OG515-5 Payment for serving as trustee

Last reviewed:
12 November 2014
Last updated:
29 December 2014

Policy Statement/Overview

The Commission’s overall policy on payments to charity trustees, including payment for serving as trustee, is set out in Trustee Expenses and Payments (CC11). Staff need to have read that guidance for a full understanding of how we describe our policy on trustee payments. Section F of CC11 deals specifically with payments for serving as trustee and governs our overall approach to these cases.

Where we are asked to consider requests to authorise payments for serving as trustee we must consider each case on its merits, in the context of our statutory objectives.

Our policy is that we will only agree to the proposal where we are satisfied that:

The proposal is clearly expedient in the interests of the charity, ie making the payment(s) will provide a clear and significant advantage to the charity over all other reasonable options.

We expect that we would only authorise a payment of this kind where exceptional circumstances mean that the charity will not be as effective without making the payment.

Summary of the guidance

This guidance refers to payments made to a trustee for serving as trustee and sets out the circumstances where these payments can be made.

This guidance is intended to help caseworkers:

  • to handle initial queries regarding payment for serving as trustee: Broadly, when deciding whether or not to pay a trustee, the other trustees should ensure that they make the decision in the best interests of the charity having:
    • considered all relevant factors (and ignored irrelevant factors);
    • taken appropriate advice;
    • acted in good faith; and
    • properly managed the conflicts of interests.

And

  • to make decisions when we are asked to authorise these payments: When doing this, we must ensure that our decision is:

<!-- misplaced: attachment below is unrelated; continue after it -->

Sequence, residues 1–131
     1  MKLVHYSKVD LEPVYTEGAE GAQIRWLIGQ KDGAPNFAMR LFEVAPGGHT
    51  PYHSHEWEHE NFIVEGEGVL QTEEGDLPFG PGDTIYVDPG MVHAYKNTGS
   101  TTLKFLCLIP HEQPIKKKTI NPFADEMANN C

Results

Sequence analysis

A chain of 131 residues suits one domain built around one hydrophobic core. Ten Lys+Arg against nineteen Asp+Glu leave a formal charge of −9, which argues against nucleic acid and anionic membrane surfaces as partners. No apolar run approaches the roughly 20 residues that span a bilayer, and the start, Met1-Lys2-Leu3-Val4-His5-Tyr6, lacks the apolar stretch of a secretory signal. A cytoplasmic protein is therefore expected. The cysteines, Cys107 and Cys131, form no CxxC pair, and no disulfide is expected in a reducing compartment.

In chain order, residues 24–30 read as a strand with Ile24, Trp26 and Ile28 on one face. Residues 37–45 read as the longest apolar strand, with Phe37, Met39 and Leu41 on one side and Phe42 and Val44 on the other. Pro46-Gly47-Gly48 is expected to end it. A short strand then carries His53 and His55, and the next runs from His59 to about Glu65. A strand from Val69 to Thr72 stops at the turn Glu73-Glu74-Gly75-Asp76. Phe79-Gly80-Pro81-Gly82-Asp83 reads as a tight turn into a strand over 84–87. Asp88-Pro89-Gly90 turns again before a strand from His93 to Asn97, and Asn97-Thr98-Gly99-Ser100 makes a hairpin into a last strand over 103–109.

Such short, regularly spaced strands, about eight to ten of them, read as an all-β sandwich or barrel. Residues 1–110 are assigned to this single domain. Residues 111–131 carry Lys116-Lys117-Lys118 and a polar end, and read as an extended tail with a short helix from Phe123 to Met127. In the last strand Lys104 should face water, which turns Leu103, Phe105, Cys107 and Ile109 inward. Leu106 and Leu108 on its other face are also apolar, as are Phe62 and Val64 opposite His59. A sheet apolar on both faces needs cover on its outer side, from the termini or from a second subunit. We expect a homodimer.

• reasonable, based on the evidence presented;
    • taken in furtherance of our statutory functions; and
    • taken in compliance with our public law duties.

The guidance should be used where a charity is considering paying a trustee for serving as trustee and has contacted us before any payments have been made. Where payment has already started this will be unauthorised trustee benefit. 

This guidance should be used only where the total of all payments to all trustees in a charity’s financial year will amount to £1,000 or more. (Where total payments will amount to less than £1,000 in the charity’s financial year see section F8 of CC11 and OG515-7 Small payments to charity trustees.)

This guidance is not intended to cover instances where:

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Casework Guidance

B1 Definition and key points

B1.1 Definition of ‘payment for serving as trustee’

By ‘payment for serving as trustee’ we mean any payment or other benefit (use of the charity's property or payment in kind, for example) given by a charity to one of its trustees in return for serving as trustee and for carrying out the day to day activities of a trustee.

The day to day activities of a trustee might include:

  •  preparing for and attending trustee meetings
  • considering the charity’s draft accounts and annual reports and approving these, prior to formal sign-off in accordance with the charity’s governing document
  • obtaining and acting on the advice of the charity’s professional advisers where this is necessary for the performance of the functions of the charity
  • setting the strategic direction of the charity and ensuring its governing document is fit for purpose
  • managing senior staff, if appropriate
  • ensuring the charity complies with its legal obligations, including filing documents with the Commission and, where required, other regulators
  • attending training courses or orientation sessions necessary for the fulfilment of the trustee’s duties
  • any other activities relating to the general control and management of the administration of the charity.

B1.2 Key points keypoints